The engine was dropped out of production by September 1971.

The low-compression 4-barrel 440 Magnum 280 hp (209 kW; 284 PS) with a 4-barrel carburetor then became the top engine

The optional Pistol-Grip 4-speed Hurst manual shifter could be coupled to the 340, 400, and 440 Magnum engines.

  1. The Ramcharger hood scoop was discontinued
  2. So was the optional lower geared performance rear axle ratios
  3. Extra heavy duty suspensions.

It was also the final year for the Dana 60 differential

It was available only in combination with the:

  1. 440/4 speed
  2. Heavy duty suspension
  3. The 3.54:1 rear axle ratio.

The only remaining color choices were now:

  1. “Hemi Orange” (EV2)
  2. “Top Banana” (FY1)


1973 Dodge Charger

For the 1973 model year, Chargers received:

New sheet metal and were in fact longer, wider, and slightly taller than previous cars.

Also new were:

  1. Vertically slatted taillights
  2. New grilles.
  3. Hidden headlights were dropped, even as an option.

Engines available

  1. The 318 was still standard
  2. The 340 (available only on the Rallye)
  3. 360 (2-barrel only)
  4. 400 (low power 2-barrel/single exhaust and high performance 4-barrel/dual exhaust)
  5. 440 remaining as options.

The SE models had a:

  1. New roof treatment that had a “triple opera window” surrounded by a canopy-style vinyl roof

All other models had a:

  • New quarter window treatment

Total sales this year were around 108,000 units, the highest ever for the 1971-74 Charger generation.

More than 60 percent of the cars had the non-high performance engines.

The 1973 Chargers were equipped with 5 mph bumpers, front and rear.


1974 Dodge Charger

The 1974 model year saw only minor changes that included:

  1. New color choices
  2. A softer grain pattern on interior surfaces
  3. Slight increase in the size of the rubber bumper tips
  4. The 340 option was dropped and the 360 4-bbl replaced the 340 as the small block performance engine. All other engine options remained the same.
  5. Several performance rear end ratios, including a 3.23 “Sure Grip” rear end were still available. A four speed transmission was still an option except with the 440 engine.

Emphasis now turned to luxury instead of performance.

Higher sales materialized for the SE model.

The Charger turned into a personal luxury car.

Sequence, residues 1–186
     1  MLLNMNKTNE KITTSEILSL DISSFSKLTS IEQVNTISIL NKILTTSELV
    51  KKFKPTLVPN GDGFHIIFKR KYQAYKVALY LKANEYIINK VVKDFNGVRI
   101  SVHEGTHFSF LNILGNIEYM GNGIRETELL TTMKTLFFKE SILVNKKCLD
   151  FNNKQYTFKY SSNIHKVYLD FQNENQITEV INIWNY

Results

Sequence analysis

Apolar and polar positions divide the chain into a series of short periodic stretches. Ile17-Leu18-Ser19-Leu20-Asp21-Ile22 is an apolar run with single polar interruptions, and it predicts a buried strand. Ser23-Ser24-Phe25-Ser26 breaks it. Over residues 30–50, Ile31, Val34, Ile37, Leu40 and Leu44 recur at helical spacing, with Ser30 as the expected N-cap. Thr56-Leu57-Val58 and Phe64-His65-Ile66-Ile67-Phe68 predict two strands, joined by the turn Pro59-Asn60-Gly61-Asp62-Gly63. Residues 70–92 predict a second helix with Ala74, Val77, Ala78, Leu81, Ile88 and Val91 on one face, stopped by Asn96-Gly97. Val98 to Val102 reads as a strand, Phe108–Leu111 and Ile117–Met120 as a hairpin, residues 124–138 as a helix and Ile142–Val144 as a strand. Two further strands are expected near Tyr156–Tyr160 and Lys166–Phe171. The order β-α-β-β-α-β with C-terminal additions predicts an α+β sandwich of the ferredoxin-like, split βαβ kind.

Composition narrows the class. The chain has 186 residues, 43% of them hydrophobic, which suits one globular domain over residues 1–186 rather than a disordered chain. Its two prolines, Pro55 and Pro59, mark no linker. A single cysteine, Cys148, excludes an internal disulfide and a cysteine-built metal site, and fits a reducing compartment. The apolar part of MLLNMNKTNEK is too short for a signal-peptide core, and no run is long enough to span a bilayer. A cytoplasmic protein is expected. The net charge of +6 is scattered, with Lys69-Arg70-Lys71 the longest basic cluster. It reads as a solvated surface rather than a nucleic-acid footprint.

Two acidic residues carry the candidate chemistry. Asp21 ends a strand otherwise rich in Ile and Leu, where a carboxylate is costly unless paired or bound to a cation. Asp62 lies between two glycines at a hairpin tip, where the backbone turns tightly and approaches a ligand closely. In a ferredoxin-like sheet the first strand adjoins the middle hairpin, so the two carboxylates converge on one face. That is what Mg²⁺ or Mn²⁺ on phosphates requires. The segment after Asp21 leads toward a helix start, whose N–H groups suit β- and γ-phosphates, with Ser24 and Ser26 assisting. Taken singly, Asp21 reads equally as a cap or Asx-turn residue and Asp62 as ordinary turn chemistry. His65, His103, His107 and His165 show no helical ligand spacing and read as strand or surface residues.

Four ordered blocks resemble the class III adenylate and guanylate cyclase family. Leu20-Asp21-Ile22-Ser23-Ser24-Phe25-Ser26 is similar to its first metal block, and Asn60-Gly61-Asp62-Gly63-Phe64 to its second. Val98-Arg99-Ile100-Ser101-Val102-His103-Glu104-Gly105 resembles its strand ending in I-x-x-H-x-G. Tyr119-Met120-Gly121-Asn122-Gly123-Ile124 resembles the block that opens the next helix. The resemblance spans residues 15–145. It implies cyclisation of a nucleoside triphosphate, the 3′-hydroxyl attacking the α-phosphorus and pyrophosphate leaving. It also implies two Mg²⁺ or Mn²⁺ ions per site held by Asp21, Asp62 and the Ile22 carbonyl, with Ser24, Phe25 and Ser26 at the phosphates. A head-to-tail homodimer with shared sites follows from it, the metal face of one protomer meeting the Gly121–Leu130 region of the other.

The muscle car era was over, and the 1974 Dodge Charger would be the final year.

The 1974 also came with a:

  1. 360 cu in (5.9 L) 2-bbl V8 with a K in the fifth symbol in the VIN.


Dodge Charger

The 1975 model year had the Dodge Charger and Chrysler Cordoba share the same new body based on the B platform.

The Chrysler Cordoba replaced the Plymouth Satellite Sebring.

The Charger SE (Special Edition) was the only model offered.

It came with a:

  • Wide variety engines from the 318 cu in (5.2 L)
  • “LA” series small block V8
  • 400 cu in (6.6 L) big block V8

The standard engine was the 360 cu in (5.9 L) small block.

Sales in 1975 were 30,812.

In order for Dodge to be represented, NASCAR allowed the 1974 sheetmetal to be used until January 1978

In 1976 a Dodge Charger was one of two NASCAR stock cars to compete in the 24hrs at LeMans.


The 1976 model year Charger range was expanded to four models

  1. Base,
  2. Charger Sport (formerly the Dodge Coronet 2-door model, which appeared for just the previous model year only),
  3. Charger SE
  4. Charger Daytona.

The base and Sport models used a different body than the SE and Daytona

They were essentially a re-badging of what had been the 1975 Dodge Coronet 2-door models and were available with a 225 cu in (3.7 L) Slant Six

The Charger Daytona was introduced as an appearance package with either the 360 or 400 engine.

Sales increased slightly to 65,900 units in 1976.


In 1977, the Charger Sport and the base Charger were dropped as this body style became part of the newly named B-body Monaco line

Only the Charger SE and Charger Daytona were offered.

Estimated production was 30,367 units.


In 1978, its final year as a B-Body, only 2,735 Chargers were produced.

The Magnum replaced the Charger as Dodge’s B-body personal luxury car this year.